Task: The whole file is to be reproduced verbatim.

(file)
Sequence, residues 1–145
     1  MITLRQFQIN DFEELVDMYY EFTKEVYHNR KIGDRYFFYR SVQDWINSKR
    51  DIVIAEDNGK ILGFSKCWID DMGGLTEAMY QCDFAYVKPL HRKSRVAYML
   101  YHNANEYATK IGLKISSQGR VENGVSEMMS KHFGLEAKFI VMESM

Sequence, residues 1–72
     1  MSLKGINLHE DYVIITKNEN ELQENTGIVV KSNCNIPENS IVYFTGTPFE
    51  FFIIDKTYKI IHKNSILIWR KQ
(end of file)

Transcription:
Sequence, residues 1–145
     1  MITLRQFQIN DFEELVDMYY EFTKEVYHNR KIGDRYFFYR SVQDWINSKR
    51  DIVIAEDNGK ILGFSKCWID DMGGLTEAMY QCDFAYVKPL HRKSRVAYML
   101  YHNANEYATK IGLKISSQGR VENGVSEMMS KHFGLEAKFI VMESM

Sequence, residues 1–72
     1  MSLKGINLHE DYVIITKNEN ELQENTGIVV KSNCNIPENS IVYFTGTPFE
    51  FFIIDKTYKI IHKNSILIWR KQ